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The Remarkable Art of Spiderwebs

The Remarkable Art of Spiderwebs

There’s something special about foggy frosty mornings, some people hate them but I myself, well I really like them a lot. The air of mystery and suspense that’s hidden in the swirling mist is inspiration for blending of colours and softening effects on the environment, but most of all the way the tiny droplets of water bring out the hidden magic of things like spider-webs. Love them or hate them spiders create such beautiful works of art that a fine layer of mist will enhance them for us, making them much easier to see and infinitely more beautiful. The patterns and delicacy of the finely woven structures can be quite impressive if you take the time to look at them closely.

When making its web, the spider uses its own body for measurement. In this way the web is the ultimate in practicality and ergonomic design. It makes it easier for the spider to get around the web quickly and efficiently and means it will not fall through the holes!

Did you know that a lot of our own architecture has been adapted from spider webs due to their clever construction and strength of design?

Not all spider webs are spiral or orb like in shape, though these are usually the most common:

So where does the spider start with their design? Well it is the first thread that is the most daunting for the spider. It will use the wind to carry that first thread from one of its spinnerets. With some luck it will stick to a suitable surface. This would explain why sometimes a spider would place its web in a certain place rather than another! After the first thread sticks, the spider will then strengthen it with a second thread. From there it carries on doing it until it judges that the “first” thread is strong enough to support the rest of the web.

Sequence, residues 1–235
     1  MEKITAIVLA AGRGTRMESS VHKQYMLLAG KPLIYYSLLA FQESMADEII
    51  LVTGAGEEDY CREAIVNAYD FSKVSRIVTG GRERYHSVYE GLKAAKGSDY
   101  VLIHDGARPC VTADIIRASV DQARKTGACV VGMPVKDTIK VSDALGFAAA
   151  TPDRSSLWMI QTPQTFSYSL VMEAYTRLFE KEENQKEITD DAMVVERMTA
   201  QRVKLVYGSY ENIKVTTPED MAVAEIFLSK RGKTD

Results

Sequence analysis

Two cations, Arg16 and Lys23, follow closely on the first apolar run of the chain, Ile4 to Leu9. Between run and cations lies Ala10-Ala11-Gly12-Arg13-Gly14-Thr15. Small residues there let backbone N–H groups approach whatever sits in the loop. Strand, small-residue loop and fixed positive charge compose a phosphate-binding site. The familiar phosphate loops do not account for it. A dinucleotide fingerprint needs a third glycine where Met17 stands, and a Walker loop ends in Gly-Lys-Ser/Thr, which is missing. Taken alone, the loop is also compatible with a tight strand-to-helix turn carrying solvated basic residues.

Once that stage is finished, the spider will then go on to make a “Y” shape configuration. From there the first three radial surrounds are built and using its own sense of ergonomics, the spider ensures that the space between each radial is small enough for it to get over. With a little bit of mathematics, you can work out how big a spider is without seeing it: judging from the size of its web and the number or radials it has, handy thing to  know huh!?

Once the radials are finished the spider will make the center of the web stronger with approximately six circular threads. A spiral is then made which is not sticky like the rest of the web will be so the spider can move around while it is building the rest of the structure. Starting from the outside and working towards the middle, the spider will then create the sticky spiral threads that are there to help catch its dinner. As the sticky spirals are produced the spider removes some of the original non stick ones as they are no longer needed.

The web is now an incredibly efficient way of gathering food. The spider doesn’t have to go chasing after its prey – it just has to wait for it to land on the web.

So how come spiders don’t get stuck in their own webs?
Well the spider has to choose where it will wait for its prey and this part of the web is spun from the non sticky stuff. When they have to leave their monitoring position to wrap their prey that’s now stuck in the web, they have to be careful to only climb along the non sticky threads which of course only they know where they are! Its pretty high risk otherwise as they can become a target themselves for other insects who can claim them as a meal if they’re stuck in their own trap!

As much as I dislike spiders I admire the true craftsmanship and beauty of their webs.

Posted: Saturday 8 May 2010


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